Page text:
To read this article in full you will need to make a payment

      Purchase one-time access:

      Academic & Personal: 24 hour online accessCorporate R&D Professionals: 24 hour online access
      One-time access price info
      • For academic or personal research use, select 'Academic and Personal'
      • For corporate R&D use, select 'Corporate R&D Professionals'

      Subscribe:

      Subscribe to Journal of Clinical Epidemiology
      Already a print subscriber? Claim online access
      Already an online subscriber? Sign in
      Institutional Access: Sign in to ScienceDirect

      References

        • Feldman B.
        • Wang E.
        • Willan A.
        • Szalai J.P.
        The randomized placebo-phase design for clinical trials.
        J Clin Epidemiol. 2001; 54: 550-557
        • Noyes J.
        • Booth A.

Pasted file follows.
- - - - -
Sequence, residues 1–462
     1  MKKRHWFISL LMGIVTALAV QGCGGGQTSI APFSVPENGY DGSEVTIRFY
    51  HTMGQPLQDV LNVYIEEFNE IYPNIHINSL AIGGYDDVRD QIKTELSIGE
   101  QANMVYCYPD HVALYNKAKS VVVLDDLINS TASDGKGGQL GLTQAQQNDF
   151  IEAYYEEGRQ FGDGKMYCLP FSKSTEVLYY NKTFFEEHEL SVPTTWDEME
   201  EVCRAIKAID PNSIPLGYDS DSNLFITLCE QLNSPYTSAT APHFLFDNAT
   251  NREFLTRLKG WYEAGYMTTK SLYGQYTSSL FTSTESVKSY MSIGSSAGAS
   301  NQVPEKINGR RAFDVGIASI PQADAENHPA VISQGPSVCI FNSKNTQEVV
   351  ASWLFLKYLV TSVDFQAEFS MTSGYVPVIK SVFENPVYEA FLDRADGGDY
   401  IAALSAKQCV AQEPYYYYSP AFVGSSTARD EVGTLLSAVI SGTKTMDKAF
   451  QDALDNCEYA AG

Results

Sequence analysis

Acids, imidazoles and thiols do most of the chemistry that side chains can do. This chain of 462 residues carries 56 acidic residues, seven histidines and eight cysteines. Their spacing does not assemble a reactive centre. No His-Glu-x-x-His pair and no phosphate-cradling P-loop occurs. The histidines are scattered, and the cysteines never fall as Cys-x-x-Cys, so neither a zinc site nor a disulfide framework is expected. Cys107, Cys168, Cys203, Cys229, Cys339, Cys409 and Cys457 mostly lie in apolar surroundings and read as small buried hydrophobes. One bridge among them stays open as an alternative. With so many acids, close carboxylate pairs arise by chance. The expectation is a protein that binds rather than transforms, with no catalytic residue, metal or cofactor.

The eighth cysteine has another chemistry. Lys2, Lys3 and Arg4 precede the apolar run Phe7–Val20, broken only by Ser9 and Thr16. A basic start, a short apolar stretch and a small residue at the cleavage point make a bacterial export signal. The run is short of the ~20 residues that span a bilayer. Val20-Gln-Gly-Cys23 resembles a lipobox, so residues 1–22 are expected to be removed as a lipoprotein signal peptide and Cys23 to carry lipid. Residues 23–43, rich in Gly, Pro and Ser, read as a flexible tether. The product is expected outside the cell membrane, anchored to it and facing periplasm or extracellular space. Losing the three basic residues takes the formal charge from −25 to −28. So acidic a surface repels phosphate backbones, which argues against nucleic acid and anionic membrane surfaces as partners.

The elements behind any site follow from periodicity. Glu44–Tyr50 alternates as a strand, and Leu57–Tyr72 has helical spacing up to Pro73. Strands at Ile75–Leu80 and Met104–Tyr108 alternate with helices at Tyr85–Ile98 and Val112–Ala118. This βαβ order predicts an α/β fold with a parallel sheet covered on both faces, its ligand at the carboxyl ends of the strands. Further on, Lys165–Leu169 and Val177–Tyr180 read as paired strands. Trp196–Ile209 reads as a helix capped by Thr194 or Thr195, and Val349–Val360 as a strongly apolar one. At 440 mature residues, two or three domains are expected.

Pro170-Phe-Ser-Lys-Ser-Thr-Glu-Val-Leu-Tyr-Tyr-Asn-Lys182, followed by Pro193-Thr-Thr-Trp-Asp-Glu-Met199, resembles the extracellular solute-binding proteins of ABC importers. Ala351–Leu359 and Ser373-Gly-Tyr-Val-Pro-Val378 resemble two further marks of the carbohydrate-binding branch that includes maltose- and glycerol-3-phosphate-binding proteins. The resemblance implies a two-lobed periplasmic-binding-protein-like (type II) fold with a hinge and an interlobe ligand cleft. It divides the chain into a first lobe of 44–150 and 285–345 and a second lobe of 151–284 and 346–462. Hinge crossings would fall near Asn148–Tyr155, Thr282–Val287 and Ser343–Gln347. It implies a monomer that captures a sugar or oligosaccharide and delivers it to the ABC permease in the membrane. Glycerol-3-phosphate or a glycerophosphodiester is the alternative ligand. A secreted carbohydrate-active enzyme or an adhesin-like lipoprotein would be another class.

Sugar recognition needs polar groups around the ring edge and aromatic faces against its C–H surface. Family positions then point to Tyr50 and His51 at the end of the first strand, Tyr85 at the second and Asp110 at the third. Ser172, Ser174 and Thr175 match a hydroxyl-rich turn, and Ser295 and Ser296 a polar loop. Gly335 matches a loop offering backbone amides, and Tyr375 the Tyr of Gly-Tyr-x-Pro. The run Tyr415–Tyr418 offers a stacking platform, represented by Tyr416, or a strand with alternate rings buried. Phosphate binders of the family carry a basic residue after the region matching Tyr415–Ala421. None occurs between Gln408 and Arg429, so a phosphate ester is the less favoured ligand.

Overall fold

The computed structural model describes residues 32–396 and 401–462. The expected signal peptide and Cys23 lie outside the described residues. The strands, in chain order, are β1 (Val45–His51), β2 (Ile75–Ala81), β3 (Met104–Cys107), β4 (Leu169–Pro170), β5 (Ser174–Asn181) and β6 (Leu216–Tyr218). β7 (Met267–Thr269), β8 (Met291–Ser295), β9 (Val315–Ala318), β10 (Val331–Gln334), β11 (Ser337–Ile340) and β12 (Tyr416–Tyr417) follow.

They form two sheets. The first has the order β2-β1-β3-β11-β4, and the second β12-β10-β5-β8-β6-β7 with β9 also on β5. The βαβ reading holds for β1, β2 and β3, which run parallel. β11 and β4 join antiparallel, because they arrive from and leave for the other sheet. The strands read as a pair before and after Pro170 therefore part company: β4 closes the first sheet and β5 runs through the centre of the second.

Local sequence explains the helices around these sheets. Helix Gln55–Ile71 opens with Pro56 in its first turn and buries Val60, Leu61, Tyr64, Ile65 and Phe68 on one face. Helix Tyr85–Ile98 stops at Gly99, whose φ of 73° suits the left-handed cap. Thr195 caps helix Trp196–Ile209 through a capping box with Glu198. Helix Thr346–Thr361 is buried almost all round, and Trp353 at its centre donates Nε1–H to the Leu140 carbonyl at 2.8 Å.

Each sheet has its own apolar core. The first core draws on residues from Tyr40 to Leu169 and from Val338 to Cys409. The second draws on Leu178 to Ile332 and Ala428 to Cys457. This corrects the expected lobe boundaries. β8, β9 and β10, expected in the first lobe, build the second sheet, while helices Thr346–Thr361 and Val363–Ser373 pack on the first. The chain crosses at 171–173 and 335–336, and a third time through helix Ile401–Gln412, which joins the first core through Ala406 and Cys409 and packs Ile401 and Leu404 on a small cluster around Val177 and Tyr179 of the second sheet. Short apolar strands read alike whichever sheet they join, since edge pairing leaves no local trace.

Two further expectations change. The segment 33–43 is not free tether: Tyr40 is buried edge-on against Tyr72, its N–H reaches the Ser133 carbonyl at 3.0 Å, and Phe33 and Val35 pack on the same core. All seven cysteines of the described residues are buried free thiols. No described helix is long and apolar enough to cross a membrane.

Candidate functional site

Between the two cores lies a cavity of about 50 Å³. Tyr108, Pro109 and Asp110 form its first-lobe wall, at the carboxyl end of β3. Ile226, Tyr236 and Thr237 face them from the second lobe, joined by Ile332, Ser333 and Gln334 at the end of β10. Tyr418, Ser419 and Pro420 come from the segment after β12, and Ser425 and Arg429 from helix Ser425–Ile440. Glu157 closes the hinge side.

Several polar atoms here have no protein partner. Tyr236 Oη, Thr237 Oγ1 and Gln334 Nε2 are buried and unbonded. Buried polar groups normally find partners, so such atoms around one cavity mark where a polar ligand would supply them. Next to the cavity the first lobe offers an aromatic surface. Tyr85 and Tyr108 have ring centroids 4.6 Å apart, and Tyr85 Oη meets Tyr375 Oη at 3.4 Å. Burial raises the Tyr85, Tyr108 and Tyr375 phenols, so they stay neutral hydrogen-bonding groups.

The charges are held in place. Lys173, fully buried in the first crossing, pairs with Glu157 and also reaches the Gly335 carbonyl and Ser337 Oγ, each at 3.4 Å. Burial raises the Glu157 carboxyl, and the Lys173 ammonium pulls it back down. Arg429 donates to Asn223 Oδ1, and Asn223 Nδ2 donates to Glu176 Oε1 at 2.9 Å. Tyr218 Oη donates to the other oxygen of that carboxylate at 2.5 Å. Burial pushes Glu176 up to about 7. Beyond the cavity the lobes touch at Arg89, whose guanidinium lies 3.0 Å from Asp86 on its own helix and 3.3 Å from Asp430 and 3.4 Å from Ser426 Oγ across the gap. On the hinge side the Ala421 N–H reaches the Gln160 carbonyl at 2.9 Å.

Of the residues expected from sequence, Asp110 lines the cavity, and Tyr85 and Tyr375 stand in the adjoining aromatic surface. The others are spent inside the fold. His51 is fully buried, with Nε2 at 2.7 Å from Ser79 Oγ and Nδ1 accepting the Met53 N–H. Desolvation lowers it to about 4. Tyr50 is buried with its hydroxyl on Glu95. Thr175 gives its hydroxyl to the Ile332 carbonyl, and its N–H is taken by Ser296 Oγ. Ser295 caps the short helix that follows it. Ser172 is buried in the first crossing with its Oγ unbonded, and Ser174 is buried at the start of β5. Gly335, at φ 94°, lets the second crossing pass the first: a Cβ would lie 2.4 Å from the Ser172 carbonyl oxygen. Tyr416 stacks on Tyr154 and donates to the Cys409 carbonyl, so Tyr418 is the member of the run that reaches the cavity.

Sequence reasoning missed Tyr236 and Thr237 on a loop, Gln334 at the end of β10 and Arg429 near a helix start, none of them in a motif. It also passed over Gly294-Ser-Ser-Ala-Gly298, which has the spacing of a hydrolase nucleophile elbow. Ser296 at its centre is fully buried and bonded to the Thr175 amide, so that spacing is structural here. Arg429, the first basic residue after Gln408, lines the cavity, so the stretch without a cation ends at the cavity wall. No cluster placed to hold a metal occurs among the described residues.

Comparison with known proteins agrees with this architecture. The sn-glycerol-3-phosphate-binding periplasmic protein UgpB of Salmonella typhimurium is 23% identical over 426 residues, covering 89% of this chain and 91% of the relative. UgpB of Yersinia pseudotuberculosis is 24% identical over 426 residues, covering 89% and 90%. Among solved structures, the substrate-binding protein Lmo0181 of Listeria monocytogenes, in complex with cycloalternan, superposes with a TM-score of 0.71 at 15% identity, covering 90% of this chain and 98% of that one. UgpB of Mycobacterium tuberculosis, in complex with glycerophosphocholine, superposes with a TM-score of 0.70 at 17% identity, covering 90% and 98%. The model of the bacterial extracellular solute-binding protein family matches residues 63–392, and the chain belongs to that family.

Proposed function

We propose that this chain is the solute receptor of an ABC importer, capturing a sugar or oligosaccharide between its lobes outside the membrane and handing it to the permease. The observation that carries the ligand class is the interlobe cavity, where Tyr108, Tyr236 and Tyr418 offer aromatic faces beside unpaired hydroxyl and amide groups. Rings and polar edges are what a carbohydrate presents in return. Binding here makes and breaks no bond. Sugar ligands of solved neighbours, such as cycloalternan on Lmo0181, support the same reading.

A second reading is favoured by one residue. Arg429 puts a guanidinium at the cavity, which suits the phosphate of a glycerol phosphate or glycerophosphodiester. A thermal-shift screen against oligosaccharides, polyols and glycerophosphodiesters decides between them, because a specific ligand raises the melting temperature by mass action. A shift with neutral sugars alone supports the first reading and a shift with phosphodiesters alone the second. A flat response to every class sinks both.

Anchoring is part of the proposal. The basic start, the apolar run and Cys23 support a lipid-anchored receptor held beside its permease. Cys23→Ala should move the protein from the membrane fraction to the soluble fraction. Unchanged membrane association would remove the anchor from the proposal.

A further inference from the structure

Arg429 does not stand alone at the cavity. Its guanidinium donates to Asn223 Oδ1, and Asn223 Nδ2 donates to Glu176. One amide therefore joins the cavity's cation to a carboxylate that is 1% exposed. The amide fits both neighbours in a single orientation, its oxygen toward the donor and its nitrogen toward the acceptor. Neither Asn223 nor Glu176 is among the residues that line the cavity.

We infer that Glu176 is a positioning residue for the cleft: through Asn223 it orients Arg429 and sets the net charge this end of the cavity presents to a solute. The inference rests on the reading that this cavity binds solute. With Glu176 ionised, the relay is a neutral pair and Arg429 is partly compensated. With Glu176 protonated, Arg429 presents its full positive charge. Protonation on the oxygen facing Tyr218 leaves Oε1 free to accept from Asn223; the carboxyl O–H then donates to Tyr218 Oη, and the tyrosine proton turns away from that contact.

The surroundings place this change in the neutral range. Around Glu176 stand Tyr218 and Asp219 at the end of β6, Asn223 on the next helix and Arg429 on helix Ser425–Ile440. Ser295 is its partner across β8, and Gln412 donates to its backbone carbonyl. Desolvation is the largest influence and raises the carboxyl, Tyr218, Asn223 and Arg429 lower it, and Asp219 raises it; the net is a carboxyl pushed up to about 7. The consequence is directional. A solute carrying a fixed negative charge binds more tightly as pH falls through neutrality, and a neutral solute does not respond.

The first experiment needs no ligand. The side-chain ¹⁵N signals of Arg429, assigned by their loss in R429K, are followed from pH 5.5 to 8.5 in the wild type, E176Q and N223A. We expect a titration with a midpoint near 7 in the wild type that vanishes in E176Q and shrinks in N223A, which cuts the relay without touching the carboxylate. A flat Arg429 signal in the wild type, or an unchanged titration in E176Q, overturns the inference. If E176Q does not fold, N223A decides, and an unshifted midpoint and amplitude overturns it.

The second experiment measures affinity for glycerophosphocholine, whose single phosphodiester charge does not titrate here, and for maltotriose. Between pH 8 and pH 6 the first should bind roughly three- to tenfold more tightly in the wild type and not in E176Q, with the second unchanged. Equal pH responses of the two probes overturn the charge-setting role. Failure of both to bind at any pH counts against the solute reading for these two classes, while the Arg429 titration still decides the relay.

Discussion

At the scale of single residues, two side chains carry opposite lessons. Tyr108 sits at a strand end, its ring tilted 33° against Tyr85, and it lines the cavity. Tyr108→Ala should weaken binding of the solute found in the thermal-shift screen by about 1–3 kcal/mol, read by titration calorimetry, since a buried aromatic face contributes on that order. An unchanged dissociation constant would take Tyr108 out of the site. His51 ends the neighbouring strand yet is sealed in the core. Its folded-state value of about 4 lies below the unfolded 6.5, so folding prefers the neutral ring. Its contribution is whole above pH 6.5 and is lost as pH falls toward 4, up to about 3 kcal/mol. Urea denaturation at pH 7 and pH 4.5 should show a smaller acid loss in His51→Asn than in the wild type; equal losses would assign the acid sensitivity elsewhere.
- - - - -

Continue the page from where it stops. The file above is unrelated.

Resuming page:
• Flemming K.
        • Garside R.
        • Harden A.
        • Lewin S.
        • et al.
        Cochrane Qualitative and Implementation Methods Group guidance series-paper 3: methods for assessing methodological limitations, data extraction and synthesis, and confidence in synthesized qualitative findings.
        J Clin Epidemiol. 2018; 97: 49-58
        • Bhaumik D.K.
        • Amatya A.
        • Normand S.L.
        • Greenhouse J.
        • Kaizar E.
        • Neelon B.
        • et al.
        Meta-analysis of rare and adverse event data.
        Expert Rev Pharmacoecon Outcomes Res. 2002; 2: 367-379
        • Kuss O.
        Statistical methods for meta-analyses including information from studies without any events-add nothing to nothing and succeed nevertheless.